In fact, the government measures the Gross National Happiness quotient each year.
Yet more than half of the people are farmers, growing not much more than they need for a subsistence level of living. Most people eat mainly rice for their three meals a day. There is only one major paved road, so transportation, even to neighboring villages, can be quite challenging. Yet the people there seem happier than we Americans are.
The Bhutanese just live their day-to-day lives. It helps that in addition to free universal education and healthcare, there’s very little corruption. It helps that their beneficent king is ecologically minded and encourages his people to maintain their traditional lifestyles. It helps that the country is infused with Buddhist philosophy and a religious conviction that it is important to be kind to every living creature. And it helps that the mountains discourage a great deal of moving around, so most people expect to live out their lives in close-knit villages. Except in a handful of towns, people tend to have very few material possessions. There isn’t a great deal of difference within a village between the rich and the poor.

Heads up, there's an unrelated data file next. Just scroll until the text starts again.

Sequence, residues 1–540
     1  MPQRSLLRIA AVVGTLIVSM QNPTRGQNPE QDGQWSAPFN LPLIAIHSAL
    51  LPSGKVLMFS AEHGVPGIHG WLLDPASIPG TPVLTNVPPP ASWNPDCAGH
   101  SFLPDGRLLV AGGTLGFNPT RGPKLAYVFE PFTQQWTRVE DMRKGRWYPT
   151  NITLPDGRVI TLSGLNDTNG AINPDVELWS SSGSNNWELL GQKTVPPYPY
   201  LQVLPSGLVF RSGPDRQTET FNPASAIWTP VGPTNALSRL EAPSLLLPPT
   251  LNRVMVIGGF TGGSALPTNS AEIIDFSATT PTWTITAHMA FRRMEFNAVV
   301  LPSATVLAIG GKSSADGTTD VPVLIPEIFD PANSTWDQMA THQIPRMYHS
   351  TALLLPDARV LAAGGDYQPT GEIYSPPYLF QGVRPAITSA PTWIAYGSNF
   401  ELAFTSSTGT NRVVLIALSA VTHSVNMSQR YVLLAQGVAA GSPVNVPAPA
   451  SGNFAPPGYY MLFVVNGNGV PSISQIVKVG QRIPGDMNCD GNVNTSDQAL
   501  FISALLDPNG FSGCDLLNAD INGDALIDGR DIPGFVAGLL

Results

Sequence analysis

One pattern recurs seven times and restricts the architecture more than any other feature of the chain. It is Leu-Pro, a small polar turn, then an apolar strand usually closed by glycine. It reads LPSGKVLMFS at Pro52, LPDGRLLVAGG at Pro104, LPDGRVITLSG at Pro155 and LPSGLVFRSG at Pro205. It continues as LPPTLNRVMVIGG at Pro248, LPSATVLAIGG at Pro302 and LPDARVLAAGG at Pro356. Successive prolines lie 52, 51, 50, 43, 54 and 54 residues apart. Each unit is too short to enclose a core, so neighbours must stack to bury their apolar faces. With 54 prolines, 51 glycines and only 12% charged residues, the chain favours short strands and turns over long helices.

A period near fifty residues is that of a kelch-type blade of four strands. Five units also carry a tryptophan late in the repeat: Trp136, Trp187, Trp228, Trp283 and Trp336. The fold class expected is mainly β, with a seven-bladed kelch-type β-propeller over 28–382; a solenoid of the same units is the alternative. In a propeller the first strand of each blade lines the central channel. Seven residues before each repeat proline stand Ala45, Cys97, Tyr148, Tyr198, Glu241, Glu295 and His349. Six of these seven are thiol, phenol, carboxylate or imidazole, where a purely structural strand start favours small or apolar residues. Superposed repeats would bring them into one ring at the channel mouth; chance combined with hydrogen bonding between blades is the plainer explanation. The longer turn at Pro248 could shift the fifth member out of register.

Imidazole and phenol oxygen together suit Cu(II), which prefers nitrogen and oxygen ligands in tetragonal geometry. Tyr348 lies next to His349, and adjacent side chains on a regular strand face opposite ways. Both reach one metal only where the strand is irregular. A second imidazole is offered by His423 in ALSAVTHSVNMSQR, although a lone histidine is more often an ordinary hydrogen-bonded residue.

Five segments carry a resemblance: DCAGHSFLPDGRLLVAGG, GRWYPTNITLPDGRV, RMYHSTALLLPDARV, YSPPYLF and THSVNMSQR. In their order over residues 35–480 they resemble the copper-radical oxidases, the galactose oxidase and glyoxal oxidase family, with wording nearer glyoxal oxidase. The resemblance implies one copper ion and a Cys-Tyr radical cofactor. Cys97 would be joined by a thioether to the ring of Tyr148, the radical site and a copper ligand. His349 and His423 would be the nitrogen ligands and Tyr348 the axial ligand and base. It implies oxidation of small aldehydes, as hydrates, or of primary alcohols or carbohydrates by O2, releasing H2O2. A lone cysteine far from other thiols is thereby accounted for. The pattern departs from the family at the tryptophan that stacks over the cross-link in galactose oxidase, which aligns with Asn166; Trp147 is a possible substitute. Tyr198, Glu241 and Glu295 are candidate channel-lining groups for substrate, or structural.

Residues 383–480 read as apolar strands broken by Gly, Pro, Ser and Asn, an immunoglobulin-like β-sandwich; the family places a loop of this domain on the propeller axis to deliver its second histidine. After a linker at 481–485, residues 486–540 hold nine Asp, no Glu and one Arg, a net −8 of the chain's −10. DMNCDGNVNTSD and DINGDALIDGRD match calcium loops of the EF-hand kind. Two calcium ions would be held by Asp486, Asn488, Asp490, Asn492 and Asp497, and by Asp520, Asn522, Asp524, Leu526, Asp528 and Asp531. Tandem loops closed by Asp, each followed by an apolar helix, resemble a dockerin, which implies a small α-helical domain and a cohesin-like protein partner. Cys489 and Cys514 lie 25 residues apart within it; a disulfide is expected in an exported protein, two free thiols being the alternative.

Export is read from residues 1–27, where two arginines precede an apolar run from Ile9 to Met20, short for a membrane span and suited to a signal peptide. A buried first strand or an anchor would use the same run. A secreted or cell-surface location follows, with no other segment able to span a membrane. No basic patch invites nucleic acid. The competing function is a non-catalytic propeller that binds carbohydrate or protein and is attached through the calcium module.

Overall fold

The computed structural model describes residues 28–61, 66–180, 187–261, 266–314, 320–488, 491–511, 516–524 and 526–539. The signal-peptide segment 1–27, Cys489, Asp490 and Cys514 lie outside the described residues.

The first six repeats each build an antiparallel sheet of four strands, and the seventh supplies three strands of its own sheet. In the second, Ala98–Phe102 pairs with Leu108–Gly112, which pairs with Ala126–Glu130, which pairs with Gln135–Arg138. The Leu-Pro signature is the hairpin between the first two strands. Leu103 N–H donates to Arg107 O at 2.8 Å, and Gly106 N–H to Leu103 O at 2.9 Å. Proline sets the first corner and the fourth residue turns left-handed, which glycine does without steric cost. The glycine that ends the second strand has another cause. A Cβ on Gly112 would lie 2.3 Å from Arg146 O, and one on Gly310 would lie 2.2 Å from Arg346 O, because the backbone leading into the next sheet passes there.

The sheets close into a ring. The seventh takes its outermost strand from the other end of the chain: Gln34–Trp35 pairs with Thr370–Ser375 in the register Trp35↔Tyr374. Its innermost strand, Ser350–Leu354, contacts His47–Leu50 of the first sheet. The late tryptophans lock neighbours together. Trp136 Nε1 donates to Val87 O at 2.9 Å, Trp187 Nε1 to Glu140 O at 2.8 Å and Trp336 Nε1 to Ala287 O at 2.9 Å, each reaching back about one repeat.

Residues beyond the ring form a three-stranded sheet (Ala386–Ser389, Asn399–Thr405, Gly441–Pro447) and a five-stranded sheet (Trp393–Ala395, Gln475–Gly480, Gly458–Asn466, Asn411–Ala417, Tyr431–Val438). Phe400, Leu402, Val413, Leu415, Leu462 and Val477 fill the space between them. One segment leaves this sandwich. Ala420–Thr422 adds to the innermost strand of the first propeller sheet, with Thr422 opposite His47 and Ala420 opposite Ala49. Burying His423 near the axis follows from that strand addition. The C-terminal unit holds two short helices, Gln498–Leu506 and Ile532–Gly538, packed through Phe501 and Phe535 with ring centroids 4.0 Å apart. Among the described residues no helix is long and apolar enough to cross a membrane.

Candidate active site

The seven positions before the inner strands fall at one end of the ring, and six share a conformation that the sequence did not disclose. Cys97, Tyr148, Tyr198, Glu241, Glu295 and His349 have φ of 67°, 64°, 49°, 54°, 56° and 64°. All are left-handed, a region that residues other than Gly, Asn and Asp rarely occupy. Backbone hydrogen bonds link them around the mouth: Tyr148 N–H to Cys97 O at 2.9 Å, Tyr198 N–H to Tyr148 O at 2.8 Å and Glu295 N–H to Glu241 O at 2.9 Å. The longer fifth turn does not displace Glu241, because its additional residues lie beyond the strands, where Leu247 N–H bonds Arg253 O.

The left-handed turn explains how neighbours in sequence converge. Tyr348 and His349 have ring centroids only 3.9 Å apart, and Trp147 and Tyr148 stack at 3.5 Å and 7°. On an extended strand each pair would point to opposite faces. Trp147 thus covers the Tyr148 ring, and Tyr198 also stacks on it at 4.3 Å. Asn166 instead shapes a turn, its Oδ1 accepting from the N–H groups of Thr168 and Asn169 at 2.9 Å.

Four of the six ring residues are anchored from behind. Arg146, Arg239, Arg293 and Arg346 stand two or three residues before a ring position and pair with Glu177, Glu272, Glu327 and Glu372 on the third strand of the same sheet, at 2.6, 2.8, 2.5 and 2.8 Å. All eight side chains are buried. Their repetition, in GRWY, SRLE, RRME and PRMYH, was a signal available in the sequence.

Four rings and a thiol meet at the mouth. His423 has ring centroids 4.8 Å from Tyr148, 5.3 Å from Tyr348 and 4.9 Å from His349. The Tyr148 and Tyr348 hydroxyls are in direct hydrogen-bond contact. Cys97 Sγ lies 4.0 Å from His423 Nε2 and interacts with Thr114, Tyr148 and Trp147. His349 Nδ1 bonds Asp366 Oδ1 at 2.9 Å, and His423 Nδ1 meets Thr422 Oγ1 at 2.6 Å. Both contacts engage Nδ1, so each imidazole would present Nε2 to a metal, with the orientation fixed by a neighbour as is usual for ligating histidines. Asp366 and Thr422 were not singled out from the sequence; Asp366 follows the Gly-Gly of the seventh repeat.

And, interestingly, the people of Bhutan don’t try to be happy. They don’t expect to be happy. They just live their lives, lives that are full of personal significance and meaning, and for the most part they are content.
One of the problems in our country is that many of us TRY TO BE HAPPY. We buy lots and lots of things. We spend an inordinate amount of time online instead of in face-to-face interactions with others. We may be somewhat detached from our neighbors and our community. Many of us don’t value a spiritual life that could add important meaning to our existence. We focus much too much on the acquisition of material goods. And we compare ourselves, often unfavorably, to people with greater fame and fortune, assuming they must be happier than we are.